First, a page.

By Pritam Kumar Patnaik
Crude oil prices continued to move higher this week. The price action for ICE Brent August futures saw a movement from a low of $73.74 a barrel to high of $78.42 a barrel during the week. Similarly, NYMEX Crude August futures saw a movement from a low of $67.72 a barrel to high of $74.03 a barrel for the week.
Prices started on the backfoot as investors prepared for an extra 1 million barrels per day (bpd) of oil to hit markets after Opec agreed to raise production and as US equity markets slipped on trade war fears.
However, after the initial weakness, crude prices started recovering and by the end of the week, they ended with solid gains.
So why did the rally happen? Traders bought oil as they feared Washingtons policy of stopping allies from purchasing Iranian crude would constrain global supplies.
Reuters reported that the US has told countries to cut all imports of Iranian oil from November and is unlikely to offer any exemptions, as the Trump administration ramps up pressure on allies to cut off funding to Iran.
In May, US President Donald Trump said his administration was withdrawing from the defective nuclear deal agreed between Iran and six world powers in July 2015, aimed at curbing Tehran's nuclear capabilities in exchange for the lifting of some sanctions, and ordered the re-imposition of US sanctions against Tehran that were suspended under the accord.
Irans seaborne crude exports fell to about 1.93 million bpd in June from 2.38 million bpd in May and 2.58 million bpd in April, based on Thomson Reuters data.
The US official specifically cited India and China as countries that would have to stop accepting Iranian imports, though officials have not yet spoken with those countries.
India imports large quantities of oil from Iran, though the country has suggested it would comply with Washington; Beijing, meanwhile, has not committed to an agreement to stop buying Iranian oil, and rising trade tensions with the US may make such an agreement less likely.
Oil also rallied this on the back of disruptions from Canada and Libya. Disruptions from Canada could affect the supply of crude throughout July after the outage at Syncrude Canadas 360,000 bpd oil sands facility near Fort McMurray, Alberta. A spokeswoman confirmed will remain offline through July.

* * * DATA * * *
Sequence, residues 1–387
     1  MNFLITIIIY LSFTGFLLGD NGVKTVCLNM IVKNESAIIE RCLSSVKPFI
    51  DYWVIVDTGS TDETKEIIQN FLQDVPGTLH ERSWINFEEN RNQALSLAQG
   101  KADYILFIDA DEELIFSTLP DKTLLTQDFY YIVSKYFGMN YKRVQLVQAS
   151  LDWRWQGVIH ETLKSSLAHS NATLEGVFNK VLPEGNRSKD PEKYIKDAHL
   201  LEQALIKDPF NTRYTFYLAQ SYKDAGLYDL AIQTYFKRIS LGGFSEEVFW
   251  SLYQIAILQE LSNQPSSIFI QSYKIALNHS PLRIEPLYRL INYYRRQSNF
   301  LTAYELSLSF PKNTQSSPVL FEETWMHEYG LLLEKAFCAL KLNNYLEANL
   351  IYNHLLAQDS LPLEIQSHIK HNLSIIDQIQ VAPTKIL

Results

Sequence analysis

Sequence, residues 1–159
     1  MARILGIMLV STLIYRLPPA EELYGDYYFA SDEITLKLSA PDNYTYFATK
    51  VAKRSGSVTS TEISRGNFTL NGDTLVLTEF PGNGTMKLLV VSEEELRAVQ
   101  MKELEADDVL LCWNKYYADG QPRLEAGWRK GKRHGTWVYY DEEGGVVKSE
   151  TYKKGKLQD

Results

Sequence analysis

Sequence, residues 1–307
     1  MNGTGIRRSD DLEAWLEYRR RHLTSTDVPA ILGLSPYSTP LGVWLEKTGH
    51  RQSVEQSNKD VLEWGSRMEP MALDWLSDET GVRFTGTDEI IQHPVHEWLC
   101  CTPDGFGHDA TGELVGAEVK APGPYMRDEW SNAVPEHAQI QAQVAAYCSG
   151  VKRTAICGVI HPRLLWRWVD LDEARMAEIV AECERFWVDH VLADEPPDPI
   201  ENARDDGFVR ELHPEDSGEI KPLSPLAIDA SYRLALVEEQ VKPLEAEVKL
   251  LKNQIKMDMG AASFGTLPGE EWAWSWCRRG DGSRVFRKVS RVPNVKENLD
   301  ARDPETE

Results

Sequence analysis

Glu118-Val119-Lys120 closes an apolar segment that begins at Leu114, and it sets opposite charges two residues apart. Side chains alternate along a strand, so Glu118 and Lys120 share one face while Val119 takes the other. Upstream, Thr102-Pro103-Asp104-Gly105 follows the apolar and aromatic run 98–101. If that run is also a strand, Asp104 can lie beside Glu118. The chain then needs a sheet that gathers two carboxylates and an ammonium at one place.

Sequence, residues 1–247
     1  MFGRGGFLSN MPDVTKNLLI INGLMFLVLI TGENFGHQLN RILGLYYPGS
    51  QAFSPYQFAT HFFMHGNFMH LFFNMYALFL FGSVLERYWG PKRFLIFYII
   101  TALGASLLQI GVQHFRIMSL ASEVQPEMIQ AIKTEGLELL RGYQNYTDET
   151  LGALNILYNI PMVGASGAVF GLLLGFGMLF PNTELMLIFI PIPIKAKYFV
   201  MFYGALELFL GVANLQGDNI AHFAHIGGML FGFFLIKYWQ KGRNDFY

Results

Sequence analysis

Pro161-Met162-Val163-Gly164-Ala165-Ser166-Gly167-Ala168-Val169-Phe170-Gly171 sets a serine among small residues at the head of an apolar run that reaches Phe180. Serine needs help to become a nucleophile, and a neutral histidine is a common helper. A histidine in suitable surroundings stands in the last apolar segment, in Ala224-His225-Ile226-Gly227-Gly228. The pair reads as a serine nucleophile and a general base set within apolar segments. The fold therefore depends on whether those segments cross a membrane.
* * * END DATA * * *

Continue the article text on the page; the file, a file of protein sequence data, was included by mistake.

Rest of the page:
In addition, a power struggle among the two parallel Libyan national oil companies created uncertainty on the country's export ability.
The announcement for transferring operations of eastern ports to NOC in Benghazi follows military action by the eastern Libyan National Army (LNA) under the command of Khalifa Haftar to retake Ras Lanuf and Es Sider ports, which are also in the east and remain closed.
Those two closures have disrupted oil flows amounting to about 450,000 barrels per day (bpd), cutting by about half Libya's total output of about 1 million bpd earlier this year.
Oil prices were also supported after data from Energy Information Administration showed that US commercial crude oil inventories dropped by almost 10 million barrels in the week to June 22, to 416.64 million barrels. The draw in US inventories was also due to high exports of almost 3 million bpd, coupled with domestic refinery activity hitting a utilisation rate of 97.5 per cent, the highest in more than a decade.
Looking ahead, prices could continue to see more upside move in the next week or so supported by unplanned supply disruptions from Canada to Libya and Venezuela. Additionally, Iran problem may not fade away quickly and could continue to support prices.
However, not all indicators point toward an ever-tightening market. US crude production is approaching 11 million barrels per day (bpd), and Saudi Arabia and Russia are expected to match that in coming months as well.
At the same time, oil prices could be influenced by weak global factors after investors may be worried that trade friction between the United States and other major economies could escalate and could prompt investors to exit aggressive positions in high risk assets like crude.
This was reinforced by CFTC data for last which showed that hedge funds and other money managers cut their net long US crude futures and options positions in the week to June 19. The speculator group cut its combined futures and options position in New York and London by 9,344 contracts to 340,679 during the period.
Technically, MCX Crude July contract witnessed sharp rise in last week and moved higher from Rs 4,627 to the high of Rs 5,109 till now. Since June 2016 prices have been intact in upward moving channel and as of now it has approached close towards upper channel resistance. As per this channel, resistance zone is placed at Rs 5,180-5,200 level. Hence price action near this zone will be important to watch. Weekly RSI has reached towards 70 zone and hence some profit booking can be possible in coming week. We can expect prices to trade in broader range of Rs 4,800 and Rs 5,180 levels. Volumes have been decreasing from last three sessions which has arrived at 14,0322 contracts from 17,0431 contracts. Hence, sideways action is possible in the coming days.
Internationally, Brent Crude Futures, after the rally from $72.70 to $78 levels, prices are trading in overbought state and hence some sideways action is possible in coming week.
We can expect prices to trade in the range of $76 and $78 for now. One can use any dips towards $76 as buying opportunity. On upside $78.80 is the important resistance to watch.
(Pritam Kumar Patnaik of Reliance Commodities analyses outlook for various commodities on weekends, Views are his own)